The Mirai is impressive, but what is even more impressive is the political will that goes with the innovation to make it viable. In 2015, our Mayor, Eric Garcetti initiated the Sustainable City Plan, which creates ambitious goals for 2035; including creating charging stations for fuel cell cars. As of mid 2016, there are over 40 charging station in California, with a goal of 100 stations by 2024. If you sign up for a lease or purchase one of these fuel cell cars; the state will give you the first three years of hydrogen fuel – free.
Much further along are the sustainability goals the City has set for Electric cars, which envisions installing 1000 EV charging stations throughout the city in the next two years. Aided by private sector contributions, the LAPD has added 100 BMW i3 electric cars, and the Tesla Model S will also be added soon. Incorporating e-vehicles into the city’s fleet is a smart move. It helps to normalize the message of using more sustainable alternatives to gasoline powered vehicles. All of this will cut green house gas emissions. The plan will cut emissions by 45 percent in 2025, and 80 percent by 2050, with the intent of making Los Angeles “the first big city to achieve zero waste”.
As they say, one step at a time.
The greatest impact of technological change happens when the culture shifts to maximize its benefit. We are currently thinking about transportation in a traditional mindset - by that i mean the single occupancy vehicle dominates the transportation landscape - for now. People will soon realize that this is a state of being with very limited returns- contingent upon cheap fuel, significant infrastructure investment, and low interest rates. If the new cars I mentioned have an environmental benefit; emitting only a bit of water instead of smog, the addition of more new vehicles on the road will only compound traffic congestion.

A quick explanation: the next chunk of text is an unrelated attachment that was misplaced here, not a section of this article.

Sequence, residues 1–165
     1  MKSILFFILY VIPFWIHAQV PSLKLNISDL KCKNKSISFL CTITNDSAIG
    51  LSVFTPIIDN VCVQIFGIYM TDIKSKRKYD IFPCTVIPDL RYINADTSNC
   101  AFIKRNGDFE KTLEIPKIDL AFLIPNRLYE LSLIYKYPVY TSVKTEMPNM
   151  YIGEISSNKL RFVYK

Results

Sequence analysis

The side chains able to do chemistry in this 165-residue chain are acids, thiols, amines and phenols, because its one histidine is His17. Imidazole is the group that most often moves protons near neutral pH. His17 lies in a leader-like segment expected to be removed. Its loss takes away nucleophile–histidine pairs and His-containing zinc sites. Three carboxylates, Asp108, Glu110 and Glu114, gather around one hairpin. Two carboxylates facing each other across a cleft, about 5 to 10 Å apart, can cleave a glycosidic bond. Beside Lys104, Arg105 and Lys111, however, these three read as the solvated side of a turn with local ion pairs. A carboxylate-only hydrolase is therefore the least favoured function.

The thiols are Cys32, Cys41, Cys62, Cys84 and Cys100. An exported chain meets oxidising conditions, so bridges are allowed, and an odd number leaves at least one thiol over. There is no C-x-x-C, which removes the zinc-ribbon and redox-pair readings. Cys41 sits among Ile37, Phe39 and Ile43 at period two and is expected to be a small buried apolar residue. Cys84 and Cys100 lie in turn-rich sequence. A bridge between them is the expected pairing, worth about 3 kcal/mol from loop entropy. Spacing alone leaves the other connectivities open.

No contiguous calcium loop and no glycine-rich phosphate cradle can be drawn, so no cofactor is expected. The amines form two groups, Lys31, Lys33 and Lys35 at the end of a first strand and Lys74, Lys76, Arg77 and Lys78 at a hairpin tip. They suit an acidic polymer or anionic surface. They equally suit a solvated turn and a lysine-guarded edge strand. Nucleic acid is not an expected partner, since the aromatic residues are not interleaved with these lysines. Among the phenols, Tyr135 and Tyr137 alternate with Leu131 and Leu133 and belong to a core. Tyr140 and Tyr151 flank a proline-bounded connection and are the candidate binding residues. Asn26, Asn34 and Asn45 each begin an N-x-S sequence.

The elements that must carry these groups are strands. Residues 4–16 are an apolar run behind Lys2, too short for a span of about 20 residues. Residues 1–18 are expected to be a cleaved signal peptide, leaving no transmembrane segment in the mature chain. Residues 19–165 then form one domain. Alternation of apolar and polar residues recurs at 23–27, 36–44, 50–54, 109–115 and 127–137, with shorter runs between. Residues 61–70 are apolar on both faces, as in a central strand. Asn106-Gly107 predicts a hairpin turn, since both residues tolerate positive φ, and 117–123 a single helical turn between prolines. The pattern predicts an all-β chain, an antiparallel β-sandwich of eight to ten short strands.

My point is that these innovations are cool, but we have to get beyond the fascination with the technology-- really starting to question our collective transportation habits. For example, often the first question I get about my own bike commute is "how fast is it?" as if getting from A to B as quickly as possible is the only consideration. Like all of our "lifestyle choices" how we move around the city is a habit. Thinking about the impact of our commute on the communities in which we live is something that (I hope) will naturally lead us to asking "what else can we do to make our city more livable by changing our habits around mobility?"
What I like is that in our discourse we are starting lessen the friction against using public transit. Design of the public realm has a huge role to play in this, and culturally, millennials are starting to link transportation choices to health and well being; not only as individuals but as communities of concerned citizens. Recently, I see more Angelenos questioning their habits, and incorporating usage of other modes; using public transit, biking, and walking as a part of their daily routines. The futurists I talk with agree that mobility is going toward shared, multimodal, and free or virtually so.
Studies show that even the most ardent driver among us only uses his car about 5% of the time. If the reason you drive to work is because you always have, maybe its time to question that assumption, at least a day a week. I predict there will be a tipping point in the next few years where we will look back at our behaviors and marvel at how much time, energy, and resources we dedicated to single car ownership and auto oriented mobility.
In upcoming blogs, I will investigate the impact this shift is having in the physical design of our City.